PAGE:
A survey conducted by the Central Bureau of Statistics in Aden and Sanaa, with international support, revealed shocking numbers about the state of the education process in Yemen, which has been disrupted due to the war ignited by the Iran-backed Houthis in late March 2015.
The results of the survey, which covered 22 provinces, showed that one in every four children (25%) is enrolled in primary education, while over half of the children (53%) in secondary education are out of school. Additionally, only half of the children are enrolled in the first grade of primary schools, and the completion rates are only 53% in primary education and 37% in secondary education.
The survey includes collecting data on household living conditions in Yemen for women, girls, and boys in order to utilize the information in policy-making, program development, and national and international development plans.
Yemen is facing a severe education crisis, with the potential number of children suffering from disruptions to their education reaching 6 million students. This will have significant long-term consequences for them.
Since the beginning of the war, the attacks on schools, teachers, and educational infrastructure have left devastating effects on the education system in the country and on the opportunities for millions of children to access education.
Local and international reports indicate that 2916 schools (at least one out of every four schools) have been destroyed, partially damaged, or used for non-educational purposes as a result of the conflict in the country.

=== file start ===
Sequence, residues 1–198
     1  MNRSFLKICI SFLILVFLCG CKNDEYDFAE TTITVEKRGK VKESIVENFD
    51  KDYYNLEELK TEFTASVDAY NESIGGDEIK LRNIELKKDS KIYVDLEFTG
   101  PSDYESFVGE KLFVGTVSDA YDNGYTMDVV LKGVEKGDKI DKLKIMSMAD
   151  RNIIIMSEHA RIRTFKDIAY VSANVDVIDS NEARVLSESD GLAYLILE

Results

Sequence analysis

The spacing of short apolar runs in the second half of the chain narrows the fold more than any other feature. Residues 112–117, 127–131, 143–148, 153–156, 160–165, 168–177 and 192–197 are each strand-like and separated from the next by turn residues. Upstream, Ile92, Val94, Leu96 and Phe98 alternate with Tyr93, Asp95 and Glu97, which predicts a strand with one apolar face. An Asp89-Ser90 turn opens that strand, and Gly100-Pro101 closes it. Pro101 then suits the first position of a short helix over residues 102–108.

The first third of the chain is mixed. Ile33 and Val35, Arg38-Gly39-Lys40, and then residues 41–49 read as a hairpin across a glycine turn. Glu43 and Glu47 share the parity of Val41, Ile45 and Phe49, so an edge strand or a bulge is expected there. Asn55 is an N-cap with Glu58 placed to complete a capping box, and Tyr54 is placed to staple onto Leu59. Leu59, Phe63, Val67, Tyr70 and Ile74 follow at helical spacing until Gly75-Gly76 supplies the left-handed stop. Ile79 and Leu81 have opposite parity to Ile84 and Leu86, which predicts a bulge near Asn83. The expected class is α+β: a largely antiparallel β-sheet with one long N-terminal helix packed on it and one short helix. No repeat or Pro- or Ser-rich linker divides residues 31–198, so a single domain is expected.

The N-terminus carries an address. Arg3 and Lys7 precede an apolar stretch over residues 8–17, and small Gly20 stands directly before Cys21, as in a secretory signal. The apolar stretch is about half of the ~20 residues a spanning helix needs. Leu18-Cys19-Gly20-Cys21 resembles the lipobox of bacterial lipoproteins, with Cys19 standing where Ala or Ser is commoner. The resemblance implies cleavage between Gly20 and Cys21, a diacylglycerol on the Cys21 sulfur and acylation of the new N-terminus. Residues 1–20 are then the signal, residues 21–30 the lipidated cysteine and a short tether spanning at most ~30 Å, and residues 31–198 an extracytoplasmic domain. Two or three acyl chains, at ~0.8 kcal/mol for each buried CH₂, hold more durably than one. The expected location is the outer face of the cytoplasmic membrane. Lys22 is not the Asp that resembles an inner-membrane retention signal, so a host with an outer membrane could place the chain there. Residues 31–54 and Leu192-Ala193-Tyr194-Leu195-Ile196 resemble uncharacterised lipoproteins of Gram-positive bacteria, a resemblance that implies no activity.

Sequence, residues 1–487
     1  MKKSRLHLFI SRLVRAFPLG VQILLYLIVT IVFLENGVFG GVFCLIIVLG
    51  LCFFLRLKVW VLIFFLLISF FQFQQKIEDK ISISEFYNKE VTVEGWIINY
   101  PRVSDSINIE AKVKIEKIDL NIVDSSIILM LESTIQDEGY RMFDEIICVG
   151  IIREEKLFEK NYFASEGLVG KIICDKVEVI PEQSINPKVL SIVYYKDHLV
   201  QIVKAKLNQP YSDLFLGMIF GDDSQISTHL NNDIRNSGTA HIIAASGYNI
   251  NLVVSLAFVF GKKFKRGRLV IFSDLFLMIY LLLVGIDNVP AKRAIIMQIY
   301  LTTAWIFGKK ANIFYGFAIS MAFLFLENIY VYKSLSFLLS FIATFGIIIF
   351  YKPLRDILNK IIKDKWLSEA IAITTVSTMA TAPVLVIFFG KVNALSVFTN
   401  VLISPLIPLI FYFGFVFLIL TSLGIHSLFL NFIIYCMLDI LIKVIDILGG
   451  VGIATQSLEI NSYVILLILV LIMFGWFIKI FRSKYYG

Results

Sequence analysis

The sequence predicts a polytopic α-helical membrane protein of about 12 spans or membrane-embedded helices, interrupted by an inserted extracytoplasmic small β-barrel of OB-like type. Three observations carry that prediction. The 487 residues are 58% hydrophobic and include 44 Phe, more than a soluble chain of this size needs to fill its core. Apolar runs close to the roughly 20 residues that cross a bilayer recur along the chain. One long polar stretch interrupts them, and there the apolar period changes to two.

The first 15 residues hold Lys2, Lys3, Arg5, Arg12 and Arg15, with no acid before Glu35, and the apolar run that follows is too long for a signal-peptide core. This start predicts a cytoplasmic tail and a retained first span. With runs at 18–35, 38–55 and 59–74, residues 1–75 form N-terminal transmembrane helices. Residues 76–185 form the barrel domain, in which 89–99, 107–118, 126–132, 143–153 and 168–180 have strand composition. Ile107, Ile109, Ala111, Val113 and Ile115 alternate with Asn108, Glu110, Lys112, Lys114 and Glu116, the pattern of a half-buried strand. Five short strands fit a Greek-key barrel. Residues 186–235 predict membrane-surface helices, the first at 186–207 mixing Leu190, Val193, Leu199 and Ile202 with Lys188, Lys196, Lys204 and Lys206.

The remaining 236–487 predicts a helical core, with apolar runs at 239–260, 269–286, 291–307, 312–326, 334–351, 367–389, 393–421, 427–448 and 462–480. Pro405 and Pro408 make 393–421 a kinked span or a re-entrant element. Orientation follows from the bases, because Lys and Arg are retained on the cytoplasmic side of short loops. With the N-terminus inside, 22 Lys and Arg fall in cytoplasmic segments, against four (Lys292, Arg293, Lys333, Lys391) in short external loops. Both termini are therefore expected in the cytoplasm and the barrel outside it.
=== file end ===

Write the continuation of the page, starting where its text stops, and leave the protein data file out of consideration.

The educational structure also faces more obstacles, as more than two-thirds of teachers (approximately 172,000 teachers) do not receive their salaries. This is due to the Houthis refusal to hand over their salaries, despite having sufficient liquidity through taxes, customs, and revenues from the Hodeidah ports since 2016. This has led them to stop teaching and seek alternative income-generating activities.
The Houthis have deprived two million children from education and recruited thousands of children in combat fronts, military and security checkpoints, and facility guarding. They have also withheld the salaries of teachers, bombed schools, converted some into military barracks, and made changes to the educational curriculum to serve their sectarian and religious agendas.